Environmental Science and Pollution Research

, Volume 26, Issue 10, pp 9619–9631 | Cite as

Concentrations of particulate matter, carbon dioxide, VOCs and risk assessment inside Korean taxis and ships

  • Ho-Hyun KimEmail author
  • Gee-Young Park
  • Jeong-Hun Lee
Research Article


The objective of this study was to investigate the concentration distribution of indoor air pollutants in taxis and ships (passengers) which are frequently used for public transportation and recreational activities in South Korea. In addition, it aimed to assess air quality factors to establish and evaluate the health risks of exposure to polluted indoor air. Particulate matter (PM10) concentrations were not affected by the number of passengers, time of day, and driving characteristics because there were only a few passengers (2 to 4 people) and the space was confined. In the ships, indoor air pollutants responded more sensitively to the operation characteristics depending on the time of sailing (i.e., anchoring and departure, movement of vehicles on the ship, movement of passengers, combustion in the shop, and ventilation) than to the number of people boarding and alighting. The carbon dioxide concentrations in different ship rooms did not vary according to season and degree of congestion; however, there were differences between different ships. These differences may result from the size, type, and operating characteristics of the ships. Volatile organic compounds (VOCs) and aldehydes in new taxis exceeded the standard levels during summer. VOC concentrations in ships were particularly high during summer when the outdoor temperature was high. Similar observations were made for other means of transportation. The risk assessment depended on the means of transportation and demonstrated that mortality risks due to PM10 and excess carcinogenic and non-carcinogenic risks from VOCs and aldehydes were within safety levels.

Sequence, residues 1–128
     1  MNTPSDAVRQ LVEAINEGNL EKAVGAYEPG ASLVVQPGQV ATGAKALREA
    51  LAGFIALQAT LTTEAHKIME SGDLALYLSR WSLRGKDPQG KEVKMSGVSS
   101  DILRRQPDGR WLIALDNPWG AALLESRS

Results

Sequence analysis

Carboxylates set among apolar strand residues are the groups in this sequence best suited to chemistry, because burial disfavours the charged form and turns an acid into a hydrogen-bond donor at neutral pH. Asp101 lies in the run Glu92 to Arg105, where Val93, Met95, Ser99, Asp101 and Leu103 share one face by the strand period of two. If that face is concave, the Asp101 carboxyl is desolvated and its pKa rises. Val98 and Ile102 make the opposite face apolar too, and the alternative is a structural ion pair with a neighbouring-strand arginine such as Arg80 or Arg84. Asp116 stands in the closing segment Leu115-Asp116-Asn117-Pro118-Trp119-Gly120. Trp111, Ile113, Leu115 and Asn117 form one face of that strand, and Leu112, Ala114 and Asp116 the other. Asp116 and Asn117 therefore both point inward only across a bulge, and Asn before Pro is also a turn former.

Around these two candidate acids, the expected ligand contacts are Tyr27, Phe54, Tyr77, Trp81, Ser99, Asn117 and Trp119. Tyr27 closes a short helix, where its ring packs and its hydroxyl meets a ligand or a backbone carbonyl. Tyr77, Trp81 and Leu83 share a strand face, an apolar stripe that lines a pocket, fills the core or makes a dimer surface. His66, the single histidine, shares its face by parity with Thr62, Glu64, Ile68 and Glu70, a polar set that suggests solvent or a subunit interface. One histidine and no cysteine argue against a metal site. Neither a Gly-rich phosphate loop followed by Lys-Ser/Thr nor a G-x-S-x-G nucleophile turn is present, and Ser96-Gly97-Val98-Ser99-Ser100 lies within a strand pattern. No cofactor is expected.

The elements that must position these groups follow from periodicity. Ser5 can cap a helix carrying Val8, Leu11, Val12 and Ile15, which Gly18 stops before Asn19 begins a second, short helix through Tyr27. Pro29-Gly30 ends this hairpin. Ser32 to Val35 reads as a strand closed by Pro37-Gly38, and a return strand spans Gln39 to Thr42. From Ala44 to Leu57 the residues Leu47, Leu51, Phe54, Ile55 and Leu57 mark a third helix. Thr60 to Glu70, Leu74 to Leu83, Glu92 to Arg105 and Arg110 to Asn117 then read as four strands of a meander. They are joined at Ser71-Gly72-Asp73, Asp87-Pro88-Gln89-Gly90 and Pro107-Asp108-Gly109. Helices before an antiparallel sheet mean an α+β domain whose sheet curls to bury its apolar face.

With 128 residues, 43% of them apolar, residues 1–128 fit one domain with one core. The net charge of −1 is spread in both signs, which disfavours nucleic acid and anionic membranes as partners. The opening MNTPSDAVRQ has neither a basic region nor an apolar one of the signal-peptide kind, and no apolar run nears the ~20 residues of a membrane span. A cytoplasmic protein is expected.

Taxi Ship Public transportation Indoor air quality Risk assessment 


Funding information

This study was funded by the Korea Ministry of Environment (MOE) as “the Environmental Health Action Program.” (2016001350002).


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Copyright information

© Springer-Verlag GmbH Germany, part of Springer Nature 2019

Authors and Affiliations

  1. 1.Department of Information, Communication and Technology Convergence. ICT Environment ConvergencePyeongtaek UniversityPyeongtaekSouth Korea
  2. 2.Korea Synthesis Pollution Institute of Testing Co., LtdSeoulSouth Korea
  3. 3.Life & Industry Environmental R&D centerPyeongtaek UniversityPyeongtaekSouth Korea

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